They are going to teach the unfortunates how to live under prohibitions and taboos. Of course there has never been any prodigality of freedom in this country – or any other – but what there was belonged to the men. The women had to take to the home and stay there. So the two sexes adjusted themselves to life with this difference, that the women had to do all the outwitting and circumventing, all the little smart twists and turns, all the cunning scheming by which people snatch off what they want without appearing to, whereas men got their much or little by prosily sticking their hands out for it.

This developed, naturally, not only somewhat diverse temperaments, hut also greatly diverse equipments. When men cannot get what they want now by either asking or paying for it, they have no more resources. Bless them, they must return into the home, where the secret has been perfected for centuries on centuries of how to hoard a private stock and how to find a bootlegger. Under the steadily growing nonsenseorship regime, they are obliged to come and take lessons from the lately despised group of creatures to whom nonsenseorship is a well-thumbed story. If the world outside the home is to become as circumscribed and paternalized as the world inside it, obviously all the advantage lies with those who have been living under nonsenseorship long enough to have learned to manage it.

Sunday, December 21, 2014

Seems to Me

From the Vault Dept.: More chaff from the back of a file-cabinet drawer. This piece has to date from early 1983, just before the marriage referenced within went pffft. At the time, I lived in Schenectady’s Stockade area, a historic district on the riverside site of the first Dutch settlement. A newsletter called The Stockade Spy was distributed to the neighborhood, and this was one of my contributions. I apologize for its nagging, holier-than-thou tone. And I do currently own a television set.


TWO YEARS AGO a person or persons unknown jimmied my front door and made off with a new color TV set. It was not a welcome loss. My wife and I were discovering the nice combination of cable service and crisp colors, as well as the fact that it was possible to be over ten years old and still fight over who’d watch what.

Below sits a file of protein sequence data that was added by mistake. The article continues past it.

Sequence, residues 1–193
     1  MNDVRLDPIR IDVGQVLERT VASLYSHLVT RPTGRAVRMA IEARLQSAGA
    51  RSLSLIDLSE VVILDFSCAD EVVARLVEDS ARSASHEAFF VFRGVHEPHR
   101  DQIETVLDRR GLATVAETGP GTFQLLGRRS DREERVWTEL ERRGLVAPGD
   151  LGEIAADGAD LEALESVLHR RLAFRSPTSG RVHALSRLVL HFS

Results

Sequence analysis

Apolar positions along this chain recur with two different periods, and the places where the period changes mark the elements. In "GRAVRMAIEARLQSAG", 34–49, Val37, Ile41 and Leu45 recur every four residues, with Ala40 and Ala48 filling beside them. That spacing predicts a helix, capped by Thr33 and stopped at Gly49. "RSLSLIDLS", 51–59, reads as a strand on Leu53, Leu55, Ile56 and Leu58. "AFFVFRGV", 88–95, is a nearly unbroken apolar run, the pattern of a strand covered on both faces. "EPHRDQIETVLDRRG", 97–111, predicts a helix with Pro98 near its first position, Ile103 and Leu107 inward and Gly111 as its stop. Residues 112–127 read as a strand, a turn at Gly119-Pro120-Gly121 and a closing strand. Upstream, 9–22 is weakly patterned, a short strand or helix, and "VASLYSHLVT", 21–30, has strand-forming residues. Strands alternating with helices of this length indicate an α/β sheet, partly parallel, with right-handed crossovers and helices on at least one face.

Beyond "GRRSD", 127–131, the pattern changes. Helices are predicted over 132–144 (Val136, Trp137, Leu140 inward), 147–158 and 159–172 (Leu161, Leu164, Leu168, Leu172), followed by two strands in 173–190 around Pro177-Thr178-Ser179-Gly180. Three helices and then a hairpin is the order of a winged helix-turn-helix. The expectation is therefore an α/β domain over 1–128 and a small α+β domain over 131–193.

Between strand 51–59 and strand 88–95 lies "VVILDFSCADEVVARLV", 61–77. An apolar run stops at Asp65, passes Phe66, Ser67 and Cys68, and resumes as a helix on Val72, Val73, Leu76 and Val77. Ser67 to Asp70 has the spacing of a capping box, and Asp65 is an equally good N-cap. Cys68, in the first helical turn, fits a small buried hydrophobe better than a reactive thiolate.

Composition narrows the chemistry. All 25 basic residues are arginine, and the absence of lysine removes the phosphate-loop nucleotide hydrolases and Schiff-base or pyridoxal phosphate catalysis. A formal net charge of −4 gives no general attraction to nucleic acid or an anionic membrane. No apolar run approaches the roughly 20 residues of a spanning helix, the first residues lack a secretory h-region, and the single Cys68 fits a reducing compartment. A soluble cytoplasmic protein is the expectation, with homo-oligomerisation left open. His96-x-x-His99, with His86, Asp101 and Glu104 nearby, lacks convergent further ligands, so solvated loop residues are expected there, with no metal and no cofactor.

“We’ll get a new one,” I sighed, but that purchase kept getting postponed. We’re still without a TV and it now looks as if we might happily stay that way for a while.

Oh, I’m not going to go on about lousy programming, biased news geared for the short-on-smarts, that sort of thing. I don’t believe that I’ve “risen above” anything. Although it was interesting to hear the reactions our TV-less life first brought forth: “No TV, huh?” commented a friend. “Well, as for myself, I watch only the educational station and the news.”

As if it were necessary to apologize to us for even owning one of the things. “You don’t understand,” I hastened to point out. “Mine got swiped. I’d watch it if I had one.”

Saturday, December 20, 2014

Schlafly in Schenectady

From the Slush Pile Dept.: Here’s a piece that turned up as I searched for something else in a file cabinet recess. I’m guessing I wrote it in the mid-1980s, possibly in 1985, as it’s typewritten and I was switching over to a computer shortly thereafter. It was turned down by The Nation, with a note explaining that arch-conservative woman-hater Phyllis Schlafly was old news at that point. A group called “Ladies Against Women” demonstrated amusingly outside the event, mocking the Schlafly-ites by pretending to agree with them in a manner that lampoons their idiocy. Here’s my report.


ALL YOU NEED are a few NRA eagles hanging here and there to give crumbling downtown Schenectady the time-warp look of the early ‘30s. During vaudeville’s heyday, performers got a laugh at just the mention of the city’s name. They knew it as a tough city to please. It’s tough on business, tough on entertainers, tough on the workforce. General Electric looms beside the arterial, but even that institution has taken to closing down – and then knocking down – its unprofitable plants.

Phyllis Schlafly
A has-been city doesn’t bother to roll out the red carpet for a has-been entertainer, but some civic pride could be taken in the reception given to Phyllis Schlafly when she spoke at Union College in early March. A local chapter of the Berkeley-based “Ladies Against Women” turned out in full ‘fifties regalia to wave placards. “We’ll be there to protect Mrs. Schlafly from those radical, bra-burning women’s libbers,” one of the members declared in preparation, but there was no need for worry. The audience of about 300 comprised college students and the curious from the community. Some students heckled, loudly; there were some oldsters who applauded Schlafly, even louder. But nobody got too excited.

Thursday, December 18, 2014

Twisted Christmas

Here's another opinion about tomorrow's Caffe Lena concert in which I'm performing. The opinion in question happens to be mine, but it's filtered through an excellent interview piece by Don Wilcock:

Wednesday, December 17, 2014

Cooking the Books

Making a List, Checking It Twice Dept.: I prefer cookbooks that give me more than mere recipes, and the ones on this list are particularly noteworthy titles that were issued this year. And I’ll be recommending even more in the days to come.


OUR GOD, WHO ART IN THE LIVING ROOM, flat-screen be Thy name. We flock to wrest possession of them when the shopping fever hits, then structure our time and sensibility around What the TV Tells Us. Which is why the cookbook market has gone to shit, driven by televised nonsense that seeks to turn cooking into a major-league sport and has created a celebrity cult that has more to do with screen presence than talent.